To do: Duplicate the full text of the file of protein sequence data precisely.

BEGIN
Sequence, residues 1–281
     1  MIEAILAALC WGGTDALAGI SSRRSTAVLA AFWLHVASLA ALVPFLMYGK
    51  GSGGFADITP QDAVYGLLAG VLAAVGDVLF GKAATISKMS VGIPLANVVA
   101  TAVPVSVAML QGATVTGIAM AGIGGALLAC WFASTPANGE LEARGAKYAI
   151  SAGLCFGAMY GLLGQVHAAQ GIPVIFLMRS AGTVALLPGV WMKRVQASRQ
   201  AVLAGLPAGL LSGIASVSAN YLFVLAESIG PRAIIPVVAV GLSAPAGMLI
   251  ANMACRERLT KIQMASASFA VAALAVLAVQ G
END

Sequence, residues 1–281
     1  MIEAILAALC WGGTDALAGI SSRRSTAVLA AFWLHVASLA ALVPFLMYGK
    51  GSGGFADITP QDAVYGLLAG VLAAVGDVLF GKAATISKMS VGIPLANVVA
   101  TAVPVSVAML QGATVTGIAM AGIGGALLAC WFASTPANGE LEARGAKYAI
   151  SAGLCFGAMY GLLGQVHAAQ GIPVIFLMRS AGTVALLPGV WMKRVQASRQ
   201  AVLAGLPAGL LSGIASVSAN YLFVLAESIG PRAIIPVVAV GLSAPAGMLI
   251  ANMACRERLT KIQMASASFA VAALAVLAVQ G